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May 6, 2022

Do You Still Suffer from the “Sunday Scaries”?

In our new formless weeks, there are some new terrors

By Ed Goldman

A recent crossword clue struck me as quaint: “Anxiety over the impending workweek.” The answer was “Sunday Scaries.”

While I’d never heard the term, I was quite familiar with the symptoms— though have to admit it was only when I was a kid that I suffered from pre-Monday angst. Mine had less to do with a looming midterm exam for which I hadn’t studied (which would be every single one of them) than with a junior high school bully who had selected my torso to be his fists’ daily destination, an issue that was resolved when I punched him in the clavicle. 

Edgy Cartoon

Hold Back the Dawn

For younger readers: The clavicle is not the school music room. It’s the collarbone—that thing between your shoulder blade and ribcage—though to be honest, punching him in the school music room might have proved just as effective, though it would have won me a trip to the vice principal’s office, where I spent so much time in junior and senior high that when I graduated from both they retired my student i.d. number.

Working for myself, at home, for the past 38 years has pretty much eliminated any night scaries since my schedule is fairly elastic, expanding and contracting depending on deadlines I usually visit upon myself. This isn’t to say that when I cadge a magazine or newspaper assignment, the editors don’t also assign me a deadline; it’s just that nobody’s there to watch me. 

If, for example, I get hired to write a 1,500-word profile of someone, due two weeks thereafter, I figure I don’t need to do anything for the first, say, 11 days, except to make sure that the sources I’ll interview for the story will be findable when I get around to doing so. 

While this process may leave me with only three days of fury and flurry as the deadline looms, at least I don’t suffer Nighttime Scaries leading up to then. In fact, I’ve found I’m quite capable of thoroughly forgetting about an impending deadline for days at a time. Some call this a gift for compartmentalization though I think of it more as a talent for procrastination.

I’m wondering if COVID-19 has put the Sunday Scaries on permanent life support. 

With so many Americans working at (sorry) from home, I’m guessing the pressures inherent in their traditional workweek may have eased a bit. I know the wardrobe part has because when we attend Zoom meetings, we really have to be business-dressed only from the waist up. This also used to be the case for TV news anchors, incidentally, until media consultants talked station managers into believing that when Wolf Blitzer delivers Breaking News to us, we need to see his legs.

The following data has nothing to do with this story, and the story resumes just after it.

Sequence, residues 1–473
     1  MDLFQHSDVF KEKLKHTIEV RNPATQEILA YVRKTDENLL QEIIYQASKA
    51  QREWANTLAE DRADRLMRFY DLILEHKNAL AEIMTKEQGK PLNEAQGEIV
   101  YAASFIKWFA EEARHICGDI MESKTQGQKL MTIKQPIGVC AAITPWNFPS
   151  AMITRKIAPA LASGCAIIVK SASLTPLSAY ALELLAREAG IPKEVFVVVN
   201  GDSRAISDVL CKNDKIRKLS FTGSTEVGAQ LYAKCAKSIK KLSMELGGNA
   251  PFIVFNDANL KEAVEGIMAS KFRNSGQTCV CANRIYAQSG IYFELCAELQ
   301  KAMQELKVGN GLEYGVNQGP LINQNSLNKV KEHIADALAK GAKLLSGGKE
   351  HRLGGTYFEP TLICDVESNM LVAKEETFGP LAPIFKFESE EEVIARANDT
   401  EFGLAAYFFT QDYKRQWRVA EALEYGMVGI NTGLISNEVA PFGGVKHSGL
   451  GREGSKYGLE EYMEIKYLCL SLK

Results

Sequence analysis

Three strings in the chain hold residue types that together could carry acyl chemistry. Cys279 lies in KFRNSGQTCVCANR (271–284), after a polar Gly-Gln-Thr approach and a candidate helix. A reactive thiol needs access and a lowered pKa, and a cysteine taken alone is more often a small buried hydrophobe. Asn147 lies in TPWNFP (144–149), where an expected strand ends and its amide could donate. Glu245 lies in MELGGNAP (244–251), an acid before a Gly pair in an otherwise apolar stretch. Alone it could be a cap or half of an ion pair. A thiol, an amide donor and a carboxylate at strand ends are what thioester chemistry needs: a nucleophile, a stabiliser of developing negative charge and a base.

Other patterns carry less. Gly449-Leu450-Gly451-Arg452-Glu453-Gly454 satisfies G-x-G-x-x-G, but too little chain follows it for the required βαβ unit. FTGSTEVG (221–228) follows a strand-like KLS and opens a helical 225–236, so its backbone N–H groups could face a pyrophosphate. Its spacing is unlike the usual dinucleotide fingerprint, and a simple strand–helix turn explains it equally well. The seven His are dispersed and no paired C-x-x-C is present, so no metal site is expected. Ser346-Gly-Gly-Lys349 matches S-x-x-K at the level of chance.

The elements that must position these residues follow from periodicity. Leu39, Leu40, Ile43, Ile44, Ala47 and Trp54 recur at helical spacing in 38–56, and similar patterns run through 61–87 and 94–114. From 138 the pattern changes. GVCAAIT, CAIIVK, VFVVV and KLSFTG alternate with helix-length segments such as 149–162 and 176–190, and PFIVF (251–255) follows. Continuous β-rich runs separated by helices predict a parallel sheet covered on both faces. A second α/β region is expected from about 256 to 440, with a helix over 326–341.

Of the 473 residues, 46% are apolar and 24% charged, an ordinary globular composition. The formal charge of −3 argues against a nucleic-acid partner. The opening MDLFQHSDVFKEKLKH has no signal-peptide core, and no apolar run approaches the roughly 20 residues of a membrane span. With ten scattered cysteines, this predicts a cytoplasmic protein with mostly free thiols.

During the past couple of years, Sunday Scaries have evolved into what might be called 24/7 Scaries. Without Mondays towering over us like eager-to-deploy guillotines, we’ve had to invent new do-or-die days.

Here are a few to adjust to your own timetables:

  • Morose Monday: When you learn you’ll be engineering the company Zoom call on Tuesday and you barely know how to open your own email;
  • Tuesday Terrors: When you discover the aforementioned Zoom call was rescheduled at the last minute for Wednesday—and this time, you’ll also need to create and present a PowerPoint, which of course you’ve never done;
  • Wednesday Weirdness: When your Zoom engineering and PowerPoint presentation are postponed until Thursday—but this time, the company’s CEO will be joining the call from his yacht moored in the Aegean Sea;
  • Thoracic Thursday: When, an hour before the Zoom/PowerPoint/Big Boss call is finally to begin, you get out of it by faking a peanut-allergy attack and claiming you’ve checked into a nearby clinic—only to find out that your company’s tech guy says he can have you patched into the call from your hospital bed. But in reality, you’re nearly passed-out drunk in your backyard hot tub;
  • Friday Frights: When you learn that though you managed to dodge a bullet because the entire global internet went down on Thursday, saving you from having to explain why you weren’t comatose in a hospital but instead, stewed in your spa. Nonetheless, you find out you’re scheduled to have a “heart-to-heart” Zoom call with the Big Boss on Saturday, who’s now in Mikonos, the “party island” about seven hours by ferry boat from Athens;
  • Saturday Shivers: When it turns out what the Big Boss wanted to talk to you about is your (fictitious) peanut allergy because the woman he’s traveling with—who’s not his wife and is listed on the company payroll as his Executive Macarena Trainer—may be suffering from a similar, though milder allergy attack than you laid claim to having, and he’d be “personally grateful” to you if you could explain your (fictitious) treatment course to him so he could help her without bothering to check her into a hospital in Greece where questions about her job title could come up. You decide you’ll look up everything you can find on the internet about peanut allergies and send them to the Big Boss.

Then, to teach yourself a lesson for being such as jerk all week, you plan to punch yourself in the clavicle.

Ed Goldman's column appears almost every Monday, Wednesday and Friday. A former daily columnist for the Sacramento Business Journal, as well as monthly columnist for Sacramento Magazine and Comstock’s Business Magazine, he’s the author of five books, two plays and one musical (so far).